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Cardiorespiratory effects and efficacy of morphine sulfate in winter flounder (Pseudopleuronectes americanus)

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  • 1 Department of Integrative Biology, College of Biological Science, University of Guelph, Guelph, ON N1G 2W1, Canada
  • | 2 Ocean Sciences Centre, Memorial University of Newfoundland, St John's, NL A1C 5S7, Canada
  • | 3 Department of Integrative Biology, College of Biological Science, University of Guelph, Guelph, ON N1G 2W1, Canada

Abstract

Objective—To assess the cardiorespiratory effects of morphine sulfate and evaluate whether morphine blocks cardiac responses to a noxious stimulus in winter flounder.

Animals—42 winter flounder (Pseudopleuronectes americanus) that were acclimated at 10°C.

Procedures—Each fish was fitted with a Doppler flow probe around the ventral aorta; cannulae were placed for injection of drug or saline (0.9% NaCl) solution and assessments of respiration. Selected cardiorespiratory variables were measured in morphine-injected (40 mg/kg, IP [n = 18] or 17 mg/kg, IV [2]) or saline solution–injected (1.6 mL [22]) fish at various intervals. Heart rate and cardiac output (CO) were also measured in flounder that were injected with saline solution (n = 19) or morphine (10) and received a noxious or innocuous stimulus (injection of 5% acetic acid or saline solution SC into a cheek) 50 minutes later.

Results—Morphine administration promptly induced marked bradycardia (and a concomitant reduction in CO), followed by prolonged (> 48 hours) increases in CO and heart rate. Morphine injection only transiently affected respiratory rate. Application of a noxious stimulus to control flounder resulted in a significant (10%) but transient (< 5 minutes' duration) increase in CO, which was completely blocked by prior administration of morphine.

Conclusions and Clinical Relevance—Although morphine blocked the response to a noxious stimulus in fish, its cardiovascular effects might preclude its use in many research situations. Investigation of the dose dependency of these cardiovascular effects and their interspecific variation is required to determine the applicability of morphine for use in fish.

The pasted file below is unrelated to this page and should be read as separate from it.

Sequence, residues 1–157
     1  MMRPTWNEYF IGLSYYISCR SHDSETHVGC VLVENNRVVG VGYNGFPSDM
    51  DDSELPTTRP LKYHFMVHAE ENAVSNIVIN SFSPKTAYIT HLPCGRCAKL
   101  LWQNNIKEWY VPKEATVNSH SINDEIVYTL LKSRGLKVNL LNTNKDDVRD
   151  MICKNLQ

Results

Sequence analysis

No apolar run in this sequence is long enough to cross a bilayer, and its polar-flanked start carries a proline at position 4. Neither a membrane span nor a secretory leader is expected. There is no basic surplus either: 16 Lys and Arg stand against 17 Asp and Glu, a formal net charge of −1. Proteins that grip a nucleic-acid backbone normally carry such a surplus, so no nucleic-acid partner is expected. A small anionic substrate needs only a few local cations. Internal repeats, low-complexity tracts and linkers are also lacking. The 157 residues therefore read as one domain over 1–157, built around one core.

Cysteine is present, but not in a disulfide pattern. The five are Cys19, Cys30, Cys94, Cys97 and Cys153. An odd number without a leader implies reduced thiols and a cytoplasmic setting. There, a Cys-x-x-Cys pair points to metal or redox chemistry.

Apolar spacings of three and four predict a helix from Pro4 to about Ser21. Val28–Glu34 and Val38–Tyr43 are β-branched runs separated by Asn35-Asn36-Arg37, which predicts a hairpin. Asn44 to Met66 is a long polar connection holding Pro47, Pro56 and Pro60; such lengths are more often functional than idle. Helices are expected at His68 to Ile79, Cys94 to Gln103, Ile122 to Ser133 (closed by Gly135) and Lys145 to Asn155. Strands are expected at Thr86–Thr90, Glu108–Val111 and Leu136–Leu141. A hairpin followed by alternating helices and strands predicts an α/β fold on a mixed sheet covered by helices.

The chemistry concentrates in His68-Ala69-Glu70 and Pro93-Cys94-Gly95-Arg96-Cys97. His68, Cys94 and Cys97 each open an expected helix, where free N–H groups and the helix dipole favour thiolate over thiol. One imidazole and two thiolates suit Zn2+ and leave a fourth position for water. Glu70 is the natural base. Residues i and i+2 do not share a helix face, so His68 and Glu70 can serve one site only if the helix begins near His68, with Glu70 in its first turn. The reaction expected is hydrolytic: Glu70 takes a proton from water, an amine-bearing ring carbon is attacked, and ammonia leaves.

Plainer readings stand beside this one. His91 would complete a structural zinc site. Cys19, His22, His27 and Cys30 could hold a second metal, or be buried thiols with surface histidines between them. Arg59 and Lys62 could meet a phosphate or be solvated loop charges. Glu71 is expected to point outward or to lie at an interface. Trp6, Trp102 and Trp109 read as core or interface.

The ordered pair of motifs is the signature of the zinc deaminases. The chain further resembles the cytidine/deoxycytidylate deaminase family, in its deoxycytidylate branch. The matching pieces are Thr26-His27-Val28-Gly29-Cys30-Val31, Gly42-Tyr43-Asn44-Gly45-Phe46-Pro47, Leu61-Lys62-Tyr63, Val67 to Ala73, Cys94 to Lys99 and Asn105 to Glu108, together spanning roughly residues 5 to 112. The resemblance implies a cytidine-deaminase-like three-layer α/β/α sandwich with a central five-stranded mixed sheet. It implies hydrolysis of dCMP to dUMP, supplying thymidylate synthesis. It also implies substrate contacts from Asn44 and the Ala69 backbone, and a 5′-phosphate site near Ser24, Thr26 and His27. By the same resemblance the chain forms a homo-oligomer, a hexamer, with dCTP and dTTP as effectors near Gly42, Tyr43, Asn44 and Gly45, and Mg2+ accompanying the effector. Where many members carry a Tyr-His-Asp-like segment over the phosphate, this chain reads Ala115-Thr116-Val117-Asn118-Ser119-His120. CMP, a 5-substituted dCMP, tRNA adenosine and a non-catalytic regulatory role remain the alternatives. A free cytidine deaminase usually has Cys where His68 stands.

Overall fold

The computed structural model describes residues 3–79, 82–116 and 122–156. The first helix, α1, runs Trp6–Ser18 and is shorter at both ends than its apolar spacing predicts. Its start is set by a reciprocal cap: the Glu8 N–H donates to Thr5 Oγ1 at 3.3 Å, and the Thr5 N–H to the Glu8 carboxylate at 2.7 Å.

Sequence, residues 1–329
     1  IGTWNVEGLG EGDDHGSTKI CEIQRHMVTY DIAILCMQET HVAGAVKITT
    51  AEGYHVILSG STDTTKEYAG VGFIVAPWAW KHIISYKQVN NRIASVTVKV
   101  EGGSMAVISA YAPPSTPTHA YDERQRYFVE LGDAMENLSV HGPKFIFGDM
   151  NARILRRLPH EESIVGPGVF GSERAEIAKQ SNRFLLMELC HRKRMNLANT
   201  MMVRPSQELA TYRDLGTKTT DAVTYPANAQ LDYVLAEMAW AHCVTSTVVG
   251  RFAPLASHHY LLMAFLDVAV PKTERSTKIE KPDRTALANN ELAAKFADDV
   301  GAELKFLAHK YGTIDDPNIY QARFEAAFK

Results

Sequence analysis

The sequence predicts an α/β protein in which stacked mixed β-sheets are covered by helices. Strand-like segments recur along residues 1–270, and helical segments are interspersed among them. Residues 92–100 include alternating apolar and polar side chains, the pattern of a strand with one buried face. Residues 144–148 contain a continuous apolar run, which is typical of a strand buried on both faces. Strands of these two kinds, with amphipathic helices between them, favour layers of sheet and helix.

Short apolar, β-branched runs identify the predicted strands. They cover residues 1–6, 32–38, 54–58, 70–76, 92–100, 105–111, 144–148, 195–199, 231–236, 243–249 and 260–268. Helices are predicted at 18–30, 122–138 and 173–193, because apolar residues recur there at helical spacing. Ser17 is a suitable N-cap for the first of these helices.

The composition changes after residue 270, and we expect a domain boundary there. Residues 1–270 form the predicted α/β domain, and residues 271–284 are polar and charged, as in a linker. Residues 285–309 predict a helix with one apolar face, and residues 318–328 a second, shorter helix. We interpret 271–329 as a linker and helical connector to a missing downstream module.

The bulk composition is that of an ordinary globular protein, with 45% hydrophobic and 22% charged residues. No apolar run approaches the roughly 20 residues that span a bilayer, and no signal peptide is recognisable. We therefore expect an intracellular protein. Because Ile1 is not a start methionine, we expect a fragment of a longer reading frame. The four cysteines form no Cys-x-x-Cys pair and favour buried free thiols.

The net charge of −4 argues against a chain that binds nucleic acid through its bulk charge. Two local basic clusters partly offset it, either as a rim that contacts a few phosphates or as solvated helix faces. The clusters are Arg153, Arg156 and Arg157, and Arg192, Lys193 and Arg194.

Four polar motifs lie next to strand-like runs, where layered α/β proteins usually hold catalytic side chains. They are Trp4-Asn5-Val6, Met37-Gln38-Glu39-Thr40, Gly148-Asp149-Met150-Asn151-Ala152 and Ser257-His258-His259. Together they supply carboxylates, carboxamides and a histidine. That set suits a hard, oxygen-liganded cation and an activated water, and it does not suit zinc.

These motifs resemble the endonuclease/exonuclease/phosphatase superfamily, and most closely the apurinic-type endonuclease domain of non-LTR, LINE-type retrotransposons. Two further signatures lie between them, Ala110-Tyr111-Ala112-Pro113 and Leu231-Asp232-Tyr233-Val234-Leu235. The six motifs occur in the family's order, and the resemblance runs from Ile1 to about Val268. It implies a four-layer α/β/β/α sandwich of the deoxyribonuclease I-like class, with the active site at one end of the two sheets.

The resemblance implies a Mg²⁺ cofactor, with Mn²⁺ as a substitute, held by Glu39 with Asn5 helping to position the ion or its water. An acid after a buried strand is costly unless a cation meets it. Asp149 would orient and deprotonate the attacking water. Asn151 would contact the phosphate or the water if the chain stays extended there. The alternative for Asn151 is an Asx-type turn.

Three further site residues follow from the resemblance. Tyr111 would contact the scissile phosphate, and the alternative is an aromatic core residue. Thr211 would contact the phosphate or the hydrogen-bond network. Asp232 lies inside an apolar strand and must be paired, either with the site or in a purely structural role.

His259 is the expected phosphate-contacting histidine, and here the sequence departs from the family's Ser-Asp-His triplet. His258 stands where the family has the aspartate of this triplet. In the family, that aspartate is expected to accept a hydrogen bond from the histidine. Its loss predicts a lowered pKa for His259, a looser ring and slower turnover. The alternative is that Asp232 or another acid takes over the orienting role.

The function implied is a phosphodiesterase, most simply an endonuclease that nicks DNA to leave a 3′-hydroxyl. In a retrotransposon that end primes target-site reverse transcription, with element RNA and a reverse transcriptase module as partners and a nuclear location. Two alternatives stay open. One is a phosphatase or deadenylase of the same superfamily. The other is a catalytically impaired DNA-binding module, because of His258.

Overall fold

Abstract

Objective—To assess the cardiorespiratory effects of morphine sulfate and evaluate whether morphine blocks cardiac responses to a noxious stimulus in winter flounder.

Animals—42 winter flounder (Pseudopleuronectes americanus) that were acclimated at 10°C.

Procedures—Each fish was fitted with a Doppler flow probe around the ventral aorta; cannulae were placed for injection of drug or saline (0.9% NaCl) solution and assessments of respiration. Selected cardiorespiratory variables were measured in morphine-injected (40 mg/kg, IP [n = 18] or 17 mg/kg, IV [2]) or saline solution–injected (1.6 mL [22]) fish at various intervals. Heart rate and cardiac output (CO) were also measured in flounder that were injected with saline solution (n = 19) or morphine (10) and received a noxious or innocuous stimulus (injection of 5% acetic acid or saline solution SC into a cheek) 50 minutes later.

Results—Morphine administration promptly induced marked bradycardia (and a concomitant reduction in CO), followed by prolonged (> 48 hours) increases in CO and heart rate. Morphine injection only transiently affected respiratory rate. Application of a noxious stimulus to control flounder resulted in a significant (10%) but transient (< 5 minutes' duration) increase in CO, which was completely blocked by prior administration of morphine.

Conclusions and Clinical Relevance—Although morphine blocked the response to a noxious stimulus in fish, its cardiovascular effects might preclude its use in many research situations. Investigation of the dose dependency of these cardiovascular effects and their interspecific variation is required to determine the applicability of morphine for use in fish.

Contributor Notes

Supported by Natural Sciences and Engineering Research Council of Canada (NSERC) Discovery Grants (awarded to Drs. Stevens and Gamperl) and by the Ocean Sciences Centre (Memorial University of Newfoundland) through an NSERC Major Facility Access Grant.

Address correspondence to Ms. Newby.